UK Public M&A Update – H1 2021

Skadden Publication

Adam M. Howard Craig Kelly Krishane Sri Rajkumar

In this update, we consider key statistics, trends, developments and highlights regarding U.K. public M&A transactions governed by the U.K. City Code on Takeovers and Mergers (the Takeover Code) that were announced during the first half (H1) of 2021.

Key Statistics and Trends

H1 2021 vs. H1 2020
Chart 1

The COVID-19 pandemic certainly had a significant impact on the volume of firm offers announced in H1 2020. However, a comparison of the number and size of deals in H2 2020 and H1 2021 against H1 2020, shows a steady return to pre-pandemic levels of activity, with 28 firm offers announced in H1 2021, compared to 26 offers announced in H2 2020 and 13 offers announced in H1 2020. The most popular offer structure continues to be a scheme of arrangement, accounting for 79% of the offers announced in H1 2021.

Despite continued uncertainty caused by the pandemic, as well as the disruption to necessary formalities such as shareholder meetings and court hearings that are required to approve takeovers structured as schemes of arrangement, we continued to see a steady rise in public M&A activity during H1 2021. Projections for the second half of 2021 reflect cautious optimism from M&A professionals and a continued upward trajectory as the global economy continues to recover from the pandemic.

Chart 2

As compared to H1 2020, in H1 2021 we saw a more even spread in terms of deal value and also a strong revival of larger deals, with seven transactions (or 25% of all offers) valued at above £1 billion. By contrast, H1 2020 was dominated by low-value deals, with 12 deals (or 92.3% of all firm offers) valued at below £500 million and only one deal valued at above £1 billion. The surge in higher value deals commenced in H2 2020, with 17 deals (or over 60% of all firm offers) in H2 2020 valued at over £500 million. Although less pronounced, this upward trajectory of higher value deals has clearly continued into H1 2021 as compared to H1 2020, with 12 deals (or around 43% of all firm offers) being valued at over £500 million. As discussed below, the steady increase in public-to-private transactions and preponderance of cash bids may also indicate that this trend of more higher-value deals will likely continue throughout H2 2021.

Chart 3

The pandemic has had a continued impact on deal activity in certain industry sectors. As global travel restrictions remain in place, it is unsurprising that deal activity in the travel sector remains low. By contrast, deals involving tech companies have seen an increase in activity, accounting for 36.4% of all offers announced in H1 2021 (versus 15.4% in H1 2020), reflecting the continuing adoption of and reliance on technology resulting from prolonged pandemic-related restrictions.

Key Developments and Highlights

Public-to-Private (P2P) Transactions

Interest from private equity sponsors in acquiring public companies has seen a significant rise over the past year, with P2P transactions accounting for 50% of firm offers in H1 2021 and 71.4% of the deals valued above £1 billion. This remarkable increase in P2P activity, being undertaken in light of COVID-19 and a more cautious approach being taken by corporate buyers, has been driven by a number of factors, including the attraction of a certain cash exit for investors in uncertain equity markets. As PE funds retain access to large amounts of dry powder and with interest rates remaining at historic lows, this is likely to mean P2P transactions will remain a trend for the remainder of 2021.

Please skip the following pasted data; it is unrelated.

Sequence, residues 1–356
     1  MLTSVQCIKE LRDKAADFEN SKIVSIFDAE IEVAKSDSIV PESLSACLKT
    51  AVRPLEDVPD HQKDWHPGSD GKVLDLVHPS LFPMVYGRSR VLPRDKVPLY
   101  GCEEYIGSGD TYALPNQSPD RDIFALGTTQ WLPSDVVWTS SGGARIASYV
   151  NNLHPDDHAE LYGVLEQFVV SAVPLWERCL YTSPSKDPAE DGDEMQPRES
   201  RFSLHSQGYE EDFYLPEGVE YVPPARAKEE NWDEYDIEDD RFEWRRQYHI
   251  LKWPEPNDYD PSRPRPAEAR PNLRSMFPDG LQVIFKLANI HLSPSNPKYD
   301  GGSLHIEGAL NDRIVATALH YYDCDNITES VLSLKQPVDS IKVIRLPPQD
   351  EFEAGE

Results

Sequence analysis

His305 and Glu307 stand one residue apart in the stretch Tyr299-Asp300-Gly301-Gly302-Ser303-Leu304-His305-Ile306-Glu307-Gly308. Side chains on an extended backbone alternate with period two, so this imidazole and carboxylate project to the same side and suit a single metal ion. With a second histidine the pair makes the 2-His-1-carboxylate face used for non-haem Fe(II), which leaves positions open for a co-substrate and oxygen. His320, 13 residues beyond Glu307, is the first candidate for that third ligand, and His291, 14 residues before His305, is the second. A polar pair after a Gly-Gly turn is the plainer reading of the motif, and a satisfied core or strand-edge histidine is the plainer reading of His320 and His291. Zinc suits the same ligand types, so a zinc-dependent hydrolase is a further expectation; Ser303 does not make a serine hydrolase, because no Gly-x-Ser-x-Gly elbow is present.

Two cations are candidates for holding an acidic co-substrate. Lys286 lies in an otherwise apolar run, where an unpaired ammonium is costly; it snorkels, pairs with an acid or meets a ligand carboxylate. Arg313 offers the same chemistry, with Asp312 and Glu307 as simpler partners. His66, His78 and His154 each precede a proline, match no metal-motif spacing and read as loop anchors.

Changes to the Takeover Code

On 31 March 2021, the Takeover Panel (Panel) published Response Statement 2020/1 (the RS) in response to the Public Consultation Paper 2020/1 published by the Panel on 27 October 2020 (the PCP). The RS confirmed that the Panel will adopt the amendments proposed in the PCP, subject to certain minor modifications, including amendments to the overall offer timetable to accommodate the fact that offers are taking longer due to regulatory approval processes and the removal of the historic anomaly in the Code whereby the ability to invoke U.K. and European Commission antitrust conditions is not subject to the material significance requirement.

The changes set out in the RS were implemented on 5 July 2021.

For more on the amendments set out in the RS, see our 8 April 2021 client alert, “UK Takeover Panel Releases Response Statement on Conditions to Offers and the Offer Timetable.”

National Security and Investment Bill

On 29 April 2021, the National Security and Investment Bill received Royal Assent, becoming the National Security and Investment Act 2021 (the Act). This development reflects the global sentiment that there should be increased scrutiny of transactions involving matters of national security and has led to an increase in power for the U.K. government to “call in” or review acquisitions across a number of specified core sectors deemed likely to raise national security concerns.

The new regime provided for under the Act will commence later in 2021 and the U.K. government can exercise its “call in” power retrospectively with regard to transactions that have taken place on or after 12 November 2020.

For more on the National Security and Investment Act 2021, see our 30 April 2021 client alert, “UK’s National Security and Investment Bill Becomes Law.”

This memorandum is provided by Skadden, Arps, Slate, Meagher & Flom LLP and its affiliates for educational and informational purposes only and is not intended and should not be construed as legal advice. The editorial content of this update has been provided by the authors and does not represent the views of Skadden or any one or more of the firm’s other partners or clients. This memorandum is considered advertising under applicable state laws.